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HIV medical
providers join forces for increase in funding

HIV medical
providers join forces for increase in funding

Medical centers facing a crisis in HIV care are forming a coalition to protect the needs of health centers, clinics, and city and county health departments that provide care and services to people with HIV nationwide. The Title III Coalition will represent medical providers currently funded through Title III of the Ryan White CARE Act who provide medicine and services to more than half a million people living with HIV and who have seen funding stall as the number of patients increase.

In the United States, 40,000 people are newly infected with HIV every year. However, Congress has not upped funding to Title III providers to keep ahead of the epidemic and bring medical care to low-income, uninsured, or underinsured patients. Merceditas Villanueva, project director of the Title III Program at the Waterbury Hospital ID Clinic in Waterbury, Conn., said in a statement that the number of HIV patients at her clinic has more than doubled in 2 1/2 years. "We have risen to the challenge with limited resources, and we offer our patients some of the best care available in medicine. For this, we were asked to take an $8,000 cut in our Title III base funding levels."

The Title III Coalition will be assembled with help from the HIV Medicine Association and the American Academy of HIV Medicine, which together represent nearly every HIV care provider in the U.S. The coalition will work to procure adequate funding for medical providers to fight HIV/AIDS and the illnesses that arise from the disease like hepatitis, hypertension, diabetes, and depression.

Aimee Wilkin, Ryan White program director at Wake Forest University Health Sciences in Winston-Salem, N.C., and member of the AAHIVM board of directors, said in a statement: "We are squeezing out everything we can from our available resources, but we can't provide all the services our patients need. Many have substance abuse or mental health problems that would keep them from sticking to their treatment, but we don't have the funds or personnel to provide psychiatric or substance abuse treatment. We end up sending fragile patients into a complex and collapsing public mental health system."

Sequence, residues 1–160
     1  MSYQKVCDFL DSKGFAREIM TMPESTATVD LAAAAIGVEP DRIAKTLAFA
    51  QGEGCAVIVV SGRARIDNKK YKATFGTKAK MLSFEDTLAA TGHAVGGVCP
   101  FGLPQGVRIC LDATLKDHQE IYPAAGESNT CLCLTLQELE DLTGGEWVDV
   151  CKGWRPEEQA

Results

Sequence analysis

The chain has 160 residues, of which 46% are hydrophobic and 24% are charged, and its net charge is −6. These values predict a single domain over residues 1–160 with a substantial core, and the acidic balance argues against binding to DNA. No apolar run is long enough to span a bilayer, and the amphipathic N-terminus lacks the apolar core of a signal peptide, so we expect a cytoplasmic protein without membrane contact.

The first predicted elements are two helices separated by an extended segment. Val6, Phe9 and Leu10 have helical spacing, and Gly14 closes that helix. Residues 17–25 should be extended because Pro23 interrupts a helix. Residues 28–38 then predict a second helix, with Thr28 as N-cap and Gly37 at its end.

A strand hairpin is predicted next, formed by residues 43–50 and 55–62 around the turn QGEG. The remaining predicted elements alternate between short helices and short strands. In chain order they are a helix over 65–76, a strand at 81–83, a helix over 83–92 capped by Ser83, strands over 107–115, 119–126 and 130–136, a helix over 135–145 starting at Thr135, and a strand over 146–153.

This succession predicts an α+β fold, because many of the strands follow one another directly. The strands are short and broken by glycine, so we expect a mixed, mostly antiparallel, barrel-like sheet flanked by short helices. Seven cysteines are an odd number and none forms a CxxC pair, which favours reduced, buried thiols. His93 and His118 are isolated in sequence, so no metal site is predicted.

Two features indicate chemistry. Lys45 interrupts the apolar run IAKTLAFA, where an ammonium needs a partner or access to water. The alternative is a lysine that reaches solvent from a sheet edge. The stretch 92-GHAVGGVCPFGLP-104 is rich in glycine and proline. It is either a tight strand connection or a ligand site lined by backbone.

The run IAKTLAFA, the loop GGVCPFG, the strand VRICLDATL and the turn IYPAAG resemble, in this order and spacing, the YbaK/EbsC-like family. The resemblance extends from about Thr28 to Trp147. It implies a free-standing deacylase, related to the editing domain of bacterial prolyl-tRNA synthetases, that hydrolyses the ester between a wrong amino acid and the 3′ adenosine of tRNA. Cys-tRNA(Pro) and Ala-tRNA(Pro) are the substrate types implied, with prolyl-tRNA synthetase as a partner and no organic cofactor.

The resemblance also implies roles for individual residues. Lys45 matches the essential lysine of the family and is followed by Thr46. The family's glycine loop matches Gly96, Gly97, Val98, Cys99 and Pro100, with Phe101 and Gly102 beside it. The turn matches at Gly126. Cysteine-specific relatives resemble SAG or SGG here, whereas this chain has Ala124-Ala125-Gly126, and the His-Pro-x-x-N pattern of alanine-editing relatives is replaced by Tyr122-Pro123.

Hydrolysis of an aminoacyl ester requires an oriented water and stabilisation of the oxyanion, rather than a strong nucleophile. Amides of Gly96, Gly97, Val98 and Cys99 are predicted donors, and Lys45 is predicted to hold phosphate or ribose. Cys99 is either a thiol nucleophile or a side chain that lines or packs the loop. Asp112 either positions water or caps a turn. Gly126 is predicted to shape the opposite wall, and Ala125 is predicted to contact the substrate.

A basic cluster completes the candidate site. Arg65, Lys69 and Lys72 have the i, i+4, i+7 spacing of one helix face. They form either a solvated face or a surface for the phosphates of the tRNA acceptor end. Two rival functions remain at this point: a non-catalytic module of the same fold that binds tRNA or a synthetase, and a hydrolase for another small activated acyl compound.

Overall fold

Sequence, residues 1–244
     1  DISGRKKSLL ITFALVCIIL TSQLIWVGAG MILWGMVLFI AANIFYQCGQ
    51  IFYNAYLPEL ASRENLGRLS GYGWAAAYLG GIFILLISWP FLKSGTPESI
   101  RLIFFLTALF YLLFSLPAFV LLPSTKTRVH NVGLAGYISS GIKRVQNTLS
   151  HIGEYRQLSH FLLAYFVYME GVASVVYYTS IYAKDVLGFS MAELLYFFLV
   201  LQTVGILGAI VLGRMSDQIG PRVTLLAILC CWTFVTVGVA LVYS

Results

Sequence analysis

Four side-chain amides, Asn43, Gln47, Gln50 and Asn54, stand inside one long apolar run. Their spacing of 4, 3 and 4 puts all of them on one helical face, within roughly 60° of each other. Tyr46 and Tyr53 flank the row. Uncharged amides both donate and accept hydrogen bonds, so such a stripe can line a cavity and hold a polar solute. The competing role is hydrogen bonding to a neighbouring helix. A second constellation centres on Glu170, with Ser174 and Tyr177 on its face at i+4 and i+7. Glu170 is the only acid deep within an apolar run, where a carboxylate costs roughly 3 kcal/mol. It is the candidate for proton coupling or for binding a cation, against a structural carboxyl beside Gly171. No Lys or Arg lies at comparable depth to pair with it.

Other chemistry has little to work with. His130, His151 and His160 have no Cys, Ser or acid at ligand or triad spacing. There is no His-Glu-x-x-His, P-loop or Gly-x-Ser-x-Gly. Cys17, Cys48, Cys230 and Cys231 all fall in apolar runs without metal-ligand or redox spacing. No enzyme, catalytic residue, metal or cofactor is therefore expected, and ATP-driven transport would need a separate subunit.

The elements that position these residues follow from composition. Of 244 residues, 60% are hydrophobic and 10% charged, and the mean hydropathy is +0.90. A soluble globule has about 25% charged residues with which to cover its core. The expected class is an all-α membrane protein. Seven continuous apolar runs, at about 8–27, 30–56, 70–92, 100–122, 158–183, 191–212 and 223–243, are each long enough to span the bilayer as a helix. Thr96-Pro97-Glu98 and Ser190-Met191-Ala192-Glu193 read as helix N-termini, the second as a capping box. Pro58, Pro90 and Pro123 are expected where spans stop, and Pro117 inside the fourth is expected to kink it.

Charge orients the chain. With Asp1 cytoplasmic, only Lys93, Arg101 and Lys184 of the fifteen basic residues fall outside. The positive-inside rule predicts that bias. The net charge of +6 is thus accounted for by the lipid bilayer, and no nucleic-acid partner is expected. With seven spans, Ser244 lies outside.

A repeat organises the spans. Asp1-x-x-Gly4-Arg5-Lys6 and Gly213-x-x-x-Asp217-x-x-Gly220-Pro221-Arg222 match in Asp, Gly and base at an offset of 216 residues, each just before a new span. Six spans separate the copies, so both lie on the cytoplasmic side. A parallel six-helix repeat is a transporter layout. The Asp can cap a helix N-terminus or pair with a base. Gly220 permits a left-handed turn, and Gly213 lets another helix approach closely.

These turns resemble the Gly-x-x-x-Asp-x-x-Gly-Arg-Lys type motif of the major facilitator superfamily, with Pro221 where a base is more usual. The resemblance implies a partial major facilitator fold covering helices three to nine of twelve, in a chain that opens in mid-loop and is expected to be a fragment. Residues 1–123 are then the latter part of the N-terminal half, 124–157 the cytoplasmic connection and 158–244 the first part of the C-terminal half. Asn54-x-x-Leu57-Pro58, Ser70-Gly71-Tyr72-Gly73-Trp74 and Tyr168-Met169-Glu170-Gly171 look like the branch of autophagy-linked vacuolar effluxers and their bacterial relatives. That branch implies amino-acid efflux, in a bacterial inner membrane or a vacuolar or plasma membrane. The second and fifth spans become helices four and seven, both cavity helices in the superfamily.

"Congress's neglect of Title III providers is indefensible," said Michael S. Saag, director of the 1917 Clinic at the University of Alabama at Birmingham and member of the HIVMA board of directors in the same release. "And the burden will be even greater when the Centers for Disease Control and Prevention's new routine testing recommendations go into effect. We hope to start making progress identifying the 25% of people who don't know they are infected with HIV--but who will care for all those new patients? That's why the Title III Coalition is forming: to deliver the message to Congress that more funding is urgently needed."

The Title III Coalition will also play an active part in the implementation of the new CARE Act, recently reauthorized by the Health Resources and Services Administration.

Said Wilkin: "It's time HRSA heard from those who are seeing firsthand the effects of this growing epidemic. We're in danger of sliding backward in the level of care we can provide our patients. Congress needs to fund Title III and the rest of the Ryan White CARE Act, and HRSA needs to implement it, to meet the needs of those it was intended to help: those people living with HIV with nowhere else to turn for care." (The Advocate)

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